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Social Security beneficiaries may owe more taxes on their benefits for 2023. How Congress could change that

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A record 8.7% cost-of-living adjustment helped Social Security beneficiaries stave off the effects of inflation in 2023.

But as they file their federal returns this tax season, they may be surprised to find more of their benefit income has been taxed.

Capitol Hill lawmakers on both sides of the aisle have put forth proposals to eliminate those levies on benefit income altogether.

Rep. Angie Craig of Minnesota, who is championing a bill with fellow Democrats, calls the idea a “win-win.”

“It’s a tax cut for seniors and a way to ensure more Americans can depend on the Social Security benefits they’ve earned,” Craig said in a statement.

But experts say eliminating taxes on Social Security benefit income may be a tough ask as the program faces a funding shortfall.

COLAs go up, but tax thresholds stay the same

The 8.7% cost-of-living adjustment, or COLA, for 2023 — prompted by record high inflation — was the biggest annual increase in four decades. The Social Security Administration estimated it would put an extra $140 per month on average in beneficiaries’ monthly checks.

The year before — 2022 — the cost-of-living adjustment was 5.9%.

Both increases were substantially higher than the 2.6% average annual increase to benefits over the past 20 years due to record high increases in prices.

As inflation has started to subside, a 3.2% cost-of-living adjustment for 2024 has come closer to that average.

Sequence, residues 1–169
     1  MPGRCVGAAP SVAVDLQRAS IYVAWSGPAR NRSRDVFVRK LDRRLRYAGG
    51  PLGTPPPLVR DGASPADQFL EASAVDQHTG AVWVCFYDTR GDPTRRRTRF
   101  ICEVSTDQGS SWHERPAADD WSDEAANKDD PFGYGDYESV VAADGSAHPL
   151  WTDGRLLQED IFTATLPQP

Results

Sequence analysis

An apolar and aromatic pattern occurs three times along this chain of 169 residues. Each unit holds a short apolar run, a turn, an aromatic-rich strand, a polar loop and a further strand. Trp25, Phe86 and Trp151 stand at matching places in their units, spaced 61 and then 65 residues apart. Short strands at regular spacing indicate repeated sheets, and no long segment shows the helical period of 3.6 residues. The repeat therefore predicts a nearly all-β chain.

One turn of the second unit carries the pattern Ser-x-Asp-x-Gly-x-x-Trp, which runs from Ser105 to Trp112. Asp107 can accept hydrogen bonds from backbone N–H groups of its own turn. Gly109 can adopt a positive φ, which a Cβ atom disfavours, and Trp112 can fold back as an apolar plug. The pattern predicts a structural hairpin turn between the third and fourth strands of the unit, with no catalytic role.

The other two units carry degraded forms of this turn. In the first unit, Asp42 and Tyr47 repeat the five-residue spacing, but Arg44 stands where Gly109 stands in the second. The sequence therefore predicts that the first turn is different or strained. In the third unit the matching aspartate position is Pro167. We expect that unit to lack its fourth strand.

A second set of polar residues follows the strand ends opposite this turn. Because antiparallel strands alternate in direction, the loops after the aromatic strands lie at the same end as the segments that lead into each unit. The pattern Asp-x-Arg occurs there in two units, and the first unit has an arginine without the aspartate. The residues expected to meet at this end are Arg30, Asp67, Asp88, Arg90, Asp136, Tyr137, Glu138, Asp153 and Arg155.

But even as recent annual adjustments spiked, the thresholds at which Social Security benefits are taxed have stayed the same.

Up to 85% of Social Security benefit income may be taxed.

The levies are applied to combined income, or the sum of half your benefits and total adjusted gross income and nontaxable interest.

If your combined income as an individual tax filer is between $25,000 and $34,000 — or between $32,000 and $44,000 if married and filing jointly — you may pay taxes on up to 50% of your benefits.

If your combined income is more than $34,000 and you file individually — or if you’re married and file jointly and have more than $44,000 in combined income — up to 85% of your benefits may be taxed.

More may owe taxes on Social Security income

This year, some Social Security beneficiaries may see their benefits taxed for the first time, according to the Senior Citizens League. A 2023 survey from the nonpartisan senior group found 23% of respondents who had been receiving Social Security for three or more years paid taxes on their benefits for the first time that year.

That share may increase this tax season following the 8.7% cost-of-living increase in 2023, according to the group.

But just how much more beneficiaries will pay in taxes due to the “unusually large COLA” for 2023 depends on their personal circumstances, said Tim Steffen, a certified financial planner and the director of advanced planning at Baird.